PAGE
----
Over the last seven years, I've devised an answer to that, with a few tiers. First, as far as the question of "should I" goes, the answer is clear: Yes, fragrance is appropriate. My environment is subject to many unpleasant odors, many due to bodily fluids, unpleasant secretions, filthy clothing, and just plain bad hygiene. For me to bring a waft of something that smells at least relatively "good" is something more than merely prosaic - it is fundamentally useful. I realized pretty early on that my coworkers actually appreciate an occasional olfactory reprieve, even if only in the form of a good personal fragrance. In many instances my body is in close quarters with someone else's, and I have yet to receive a complaint. I often receive compliments.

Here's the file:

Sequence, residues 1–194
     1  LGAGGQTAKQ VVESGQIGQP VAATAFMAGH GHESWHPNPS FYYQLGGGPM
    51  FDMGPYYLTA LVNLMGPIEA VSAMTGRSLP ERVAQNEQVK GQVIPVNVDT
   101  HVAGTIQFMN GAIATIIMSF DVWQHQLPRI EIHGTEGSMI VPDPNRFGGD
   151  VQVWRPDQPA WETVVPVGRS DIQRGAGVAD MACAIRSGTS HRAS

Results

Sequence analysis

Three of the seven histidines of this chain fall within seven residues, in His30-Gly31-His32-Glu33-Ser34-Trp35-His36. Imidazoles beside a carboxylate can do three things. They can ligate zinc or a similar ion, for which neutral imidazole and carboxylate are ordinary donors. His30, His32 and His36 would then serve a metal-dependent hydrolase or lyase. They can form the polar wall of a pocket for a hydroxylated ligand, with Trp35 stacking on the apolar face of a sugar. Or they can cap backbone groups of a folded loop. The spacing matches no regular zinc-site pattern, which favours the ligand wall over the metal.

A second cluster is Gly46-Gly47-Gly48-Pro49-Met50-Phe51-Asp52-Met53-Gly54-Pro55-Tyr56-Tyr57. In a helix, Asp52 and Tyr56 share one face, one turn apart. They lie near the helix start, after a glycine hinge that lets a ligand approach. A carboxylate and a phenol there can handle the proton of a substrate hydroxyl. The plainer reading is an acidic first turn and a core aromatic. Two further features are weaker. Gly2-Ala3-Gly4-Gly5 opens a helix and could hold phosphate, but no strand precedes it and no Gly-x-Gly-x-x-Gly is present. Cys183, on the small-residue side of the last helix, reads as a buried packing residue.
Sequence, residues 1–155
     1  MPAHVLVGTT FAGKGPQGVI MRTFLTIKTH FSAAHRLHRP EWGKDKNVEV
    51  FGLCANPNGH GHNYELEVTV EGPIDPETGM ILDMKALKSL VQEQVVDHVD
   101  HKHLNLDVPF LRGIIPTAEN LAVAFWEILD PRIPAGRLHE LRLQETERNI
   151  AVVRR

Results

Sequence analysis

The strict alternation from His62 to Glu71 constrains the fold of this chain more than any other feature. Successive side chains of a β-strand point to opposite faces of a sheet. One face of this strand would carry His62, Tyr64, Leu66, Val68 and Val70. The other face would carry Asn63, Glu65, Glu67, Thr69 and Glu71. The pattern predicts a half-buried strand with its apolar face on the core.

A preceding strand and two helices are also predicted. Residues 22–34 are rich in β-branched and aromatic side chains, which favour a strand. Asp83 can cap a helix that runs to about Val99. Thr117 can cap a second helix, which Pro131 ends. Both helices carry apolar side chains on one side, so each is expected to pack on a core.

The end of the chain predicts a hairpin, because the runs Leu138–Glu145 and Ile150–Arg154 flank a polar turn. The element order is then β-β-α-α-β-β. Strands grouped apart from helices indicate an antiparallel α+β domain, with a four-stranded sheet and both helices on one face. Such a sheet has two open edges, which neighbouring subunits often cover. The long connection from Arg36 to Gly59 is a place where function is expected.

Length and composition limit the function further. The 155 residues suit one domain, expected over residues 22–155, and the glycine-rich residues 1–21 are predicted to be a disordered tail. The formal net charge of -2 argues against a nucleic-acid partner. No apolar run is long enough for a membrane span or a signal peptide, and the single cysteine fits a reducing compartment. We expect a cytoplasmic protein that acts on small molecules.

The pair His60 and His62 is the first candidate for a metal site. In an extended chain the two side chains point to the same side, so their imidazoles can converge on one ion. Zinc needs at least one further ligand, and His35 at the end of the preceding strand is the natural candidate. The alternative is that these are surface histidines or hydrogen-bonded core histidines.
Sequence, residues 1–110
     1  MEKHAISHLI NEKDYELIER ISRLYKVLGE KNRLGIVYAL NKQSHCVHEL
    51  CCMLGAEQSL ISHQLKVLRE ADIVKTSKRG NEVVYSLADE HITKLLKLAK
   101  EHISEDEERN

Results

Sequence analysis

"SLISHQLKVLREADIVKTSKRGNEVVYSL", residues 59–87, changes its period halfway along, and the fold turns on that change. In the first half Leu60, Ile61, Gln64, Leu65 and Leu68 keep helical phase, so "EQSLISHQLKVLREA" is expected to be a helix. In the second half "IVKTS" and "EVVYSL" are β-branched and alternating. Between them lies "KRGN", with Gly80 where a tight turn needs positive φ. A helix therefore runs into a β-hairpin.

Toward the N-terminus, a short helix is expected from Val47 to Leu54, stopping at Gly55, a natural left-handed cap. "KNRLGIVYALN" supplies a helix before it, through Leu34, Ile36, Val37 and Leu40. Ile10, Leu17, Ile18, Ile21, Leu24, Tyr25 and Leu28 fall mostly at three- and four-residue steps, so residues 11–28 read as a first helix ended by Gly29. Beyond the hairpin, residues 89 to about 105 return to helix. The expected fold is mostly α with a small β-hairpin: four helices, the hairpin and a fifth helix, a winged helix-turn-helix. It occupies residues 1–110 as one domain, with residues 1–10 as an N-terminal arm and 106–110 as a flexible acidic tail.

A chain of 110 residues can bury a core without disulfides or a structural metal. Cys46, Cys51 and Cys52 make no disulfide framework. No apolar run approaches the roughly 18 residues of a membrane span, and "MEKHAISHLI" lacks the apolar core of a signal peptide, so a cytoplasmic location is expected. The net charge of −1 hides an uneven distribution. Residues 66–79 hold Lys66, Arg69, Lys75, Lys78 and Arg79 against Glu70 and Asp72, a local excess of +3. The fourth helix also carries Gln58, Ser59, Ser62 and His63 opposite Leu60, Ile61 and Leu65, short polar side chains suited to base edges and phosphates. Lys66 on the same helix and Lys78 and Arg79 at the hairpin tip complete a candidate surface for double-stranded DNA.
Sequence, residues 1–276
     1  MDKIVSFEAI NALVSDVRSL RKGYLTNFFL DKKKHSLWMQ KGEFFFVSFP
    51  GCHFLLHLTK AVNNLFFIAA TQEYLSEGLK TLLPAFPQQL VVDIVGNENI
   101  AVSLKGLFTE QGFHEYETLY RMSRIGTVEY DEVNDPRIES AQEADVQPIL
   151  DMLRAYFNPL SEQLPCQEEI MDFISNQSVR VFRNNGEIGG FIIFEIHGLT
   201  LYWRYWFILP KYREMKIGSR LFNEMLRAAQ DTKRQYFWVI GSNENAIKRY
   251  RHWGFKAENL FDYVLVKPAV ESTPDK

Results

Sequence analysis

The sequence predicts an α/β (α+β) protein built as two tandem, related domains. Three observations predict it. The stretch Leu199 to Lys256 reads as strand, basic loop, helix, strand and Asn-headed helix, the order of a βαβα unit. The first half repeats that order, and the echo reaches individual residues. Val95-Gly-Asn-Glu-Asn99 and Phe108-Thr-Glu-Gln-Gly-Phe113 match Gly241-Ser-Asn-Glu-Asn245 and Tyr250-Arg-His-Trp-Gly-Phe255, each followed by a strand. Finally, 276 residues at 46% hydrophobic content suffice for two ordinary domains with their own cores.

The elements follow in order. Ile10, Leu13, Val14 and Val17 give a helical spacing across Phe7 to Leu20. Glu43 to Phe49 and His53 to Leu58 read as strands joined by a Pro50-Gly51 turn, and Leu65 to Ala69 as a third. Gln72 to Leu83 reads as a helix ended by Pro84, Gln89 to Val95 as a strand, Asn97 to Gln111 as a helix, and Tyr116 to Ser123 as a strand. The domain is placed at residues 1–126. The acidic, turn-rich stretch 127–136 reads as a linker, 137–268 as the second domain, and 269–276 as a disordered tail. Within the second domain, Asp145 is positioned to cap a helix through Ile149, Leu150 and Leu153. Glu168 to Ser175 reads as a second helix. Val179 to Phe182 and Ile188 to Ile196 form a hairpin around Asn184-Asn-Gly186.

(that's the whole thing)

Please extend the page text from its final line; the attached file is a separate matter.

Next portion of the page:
However, I'm careful to use a unique tactic: I mix it up. There is no straight line in how one's temperament should adjust in my workplace, and thus no reason to be linear with my fragrance style. Some days it's formal; some days it's a casual fragrance that works best. I have some scheduling indicators that signal what sort of day I'm most likely to have at any given point of the work week, and I wear my frag accordingly. Usually my scents are a bit more formal, and while that is largely due to my personal taste (and not coordinated to effect my working environment), it is also a tertiary benefit of working with people who need to differentiate your impact on their day from the impact of the environment around them. Become too repetitive and too thematic, and they begin to expect you. Stay fresh and new, and expectations aren't formed on that subconscious level, beyond knowing I will smell at least relatively "good."